For more than a year, the global pandemic has dominated our lives, totally disrupting the world of work and redrawing the boundaries. Among the many changes to emerge has been the need for employees and companies alike to rethink the way they do things, notably by working from home.
As we slowly but surely move towards a post-Covid recovery, how can the office, co-working and working from home come together? Leonid Goncharov, the founder and CEO of Anticafé, a network of coworking café spaces, provides some answers.
When Leonid Goncharov launched Anticafé in 2013, he thought he was responding to a natural evolution in the use of workspaces. He never imagined what would follow seven years later and the impact this would have on the way we work, now and in the future. While his network of 10 locations in France has only been open for four months since March 2020, it has affected neither his inventiveness nor his sense of optimism.
The office, the home and third places will end up coexisting
“When I founded Anticafé, there were 18 co-working spaces in France. Today, there are more than 3,000 of them. The concept brings together three different worlds – the café, the co-working space and the home – and takes a little from each of them, which is its strength. It has all the accessibility of a café, in that it’s open to anyone, any time of day, and with no need for a contract (as you pay by the hour, or by the day). It has all the services, facilities, equipment, ergonomics and technology of a coworking. And it also has an atmosphere that’s warm and welcoming, that encourages people to talk to one another, just like at home or at a friend’s place. For me, it’s totally adapted to the needs and expectations of the future world of work, where the choice of location will depend on the tasks to be done, people’s routines, etc.”
It means that the office, the home and third places – and co-working spaces in particular – will end up coexisting. This will create a range of possible options, depending on whether someone needs to really concentrate, carry out ‘deep work’, make a confidential call, organise a meeting, have a discussion with colleagues, collaborate or reply to emails…
A survey carried out by Essec between April and September 2020 among 2,600 people confirmed these ideas. “The survey highlighted the fact that in the near future, we will be spending one day a month in third places, which matches our own predictions and is close to what we were already experiencing. While the post-pandemic recovery will not be easy, I’m convinced that the need for our kind of space will only increase. Places like ours will play an ever-greater role. Based on the results of various surveys, I’ve reached the conclusion that employee demand for third-places will increase 100-fold in the near future. So, we remain fairly optimistic.”
While the post-pandemic recovery will not be easy, I’m convinced that the need for our kind of space will only increase.
That said, Leonid Goncharov – whose Anticafés were forced to close because of government restrictions to combat the pandemic – doesn’t see the relaxation of government health measures as being THE solution to opening back up his business. Instead, the long months of lockdown have enabled him to think about a variety of complementary offerings, such as Antistudio.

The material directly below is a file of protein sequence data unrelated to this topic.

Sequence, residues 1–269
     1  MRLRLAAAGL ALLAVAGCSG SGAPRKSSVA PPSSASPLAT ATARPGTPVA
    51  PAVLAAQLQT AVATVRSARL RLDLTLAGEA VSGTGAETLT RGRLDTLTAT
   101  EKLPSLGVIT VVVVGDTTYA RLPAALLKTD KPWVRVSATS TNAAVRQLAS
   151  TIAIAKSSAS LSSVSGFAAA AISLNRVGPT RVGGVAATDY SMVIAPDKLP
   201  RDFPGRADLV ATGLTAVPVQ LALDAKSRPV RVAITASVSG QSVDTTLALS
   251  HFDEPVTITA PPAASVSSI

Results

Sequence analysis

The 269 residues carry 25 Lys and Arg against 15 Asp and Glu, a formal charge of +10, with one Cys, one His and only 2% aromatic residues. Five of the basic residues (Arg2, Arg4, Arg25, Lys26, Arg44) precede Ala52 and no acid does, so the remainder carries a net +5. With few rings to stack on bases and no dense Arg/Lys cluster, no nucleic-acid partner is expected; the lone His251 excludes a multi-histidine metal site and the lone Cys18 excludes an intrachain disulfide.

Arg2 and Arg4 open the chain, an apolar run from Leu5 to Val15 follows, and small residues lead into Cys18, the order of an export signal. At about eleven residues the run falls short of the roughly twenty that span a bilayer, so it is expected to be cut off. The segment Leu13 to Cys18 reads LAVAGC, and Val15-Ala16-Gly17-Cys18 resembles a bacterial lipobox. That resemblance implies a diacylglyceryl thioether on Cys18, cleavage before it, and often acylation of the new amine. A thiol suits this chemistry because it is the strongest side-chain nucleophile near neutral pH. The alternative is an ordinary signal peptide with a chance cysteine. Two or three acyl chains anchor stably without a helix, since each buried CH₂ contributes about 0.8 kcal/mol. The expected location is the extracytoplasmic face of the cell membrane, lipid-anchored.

“For me, the main limitations of remote working are often technical ones (poor internet connections, lack of access to office-based resources, etc.), along with the inability to shut yourself away,” he adds. “With the proliferation of video calls, hybrid meetings that are a mixture of online and in-person presence, distance learning, and the creation of online content like webinars or the incredible growth in podcasts, there seemed to be a desperate lack of recording studios, which are also often very expensive and reserved for professionals. With Antistudio, we have a flexible offering for creating audio and video content that’s available to anyone.”
“Leaving the office and changing your environment gives you fresh energy and stimulates creativity”
At the same time, the entrepreneur has also developed The Pass, a system of prepaid cards for companies that allows their employees to access Anticafés whenever they want, without having to pay from their own pockets. Launched before Covid-19, The Pass was already used by a few dozen companies, and Leonid Goncharov is confident about its future prospects.
The possibility of working where you want to has become an argument in some companies’ favor when it comes to hiring.
“Leaving the office and changing your environment gives you fresh energy and stimulates creativity. The pandemic has opened up new horizons and changed the way that employers and employees think about things. For the most part, the latter have appreciated this flexibility, and managers have generally been reassured about their initial fears over a loss of productivity and personal contact. They have also realised that savings can be made in office space – and I would add, in passing, that even before Covid-19, the occupation rate of offices in France was 60%. And on top of all that, the possibility of working where you want to has become an argument in some companies’ favor when it comes to hiring.”
Clearly, the future of the workplace is undergoing a major transformation. “Once the pandemic is over, tertiary sector employees are expected to spend one day a month, on average, in third places, two days a week working from home and three days a week in the office,” concludes Leonid Goncharov.
A new way of organising people’s time at work seems to be emerging, one that is more suited to finding a balance that would sacrifice neither productivity nor the well-being of employees…
Leonid Goncharov is an alumnus of ESCP’s Master in Management and Option-E programme.
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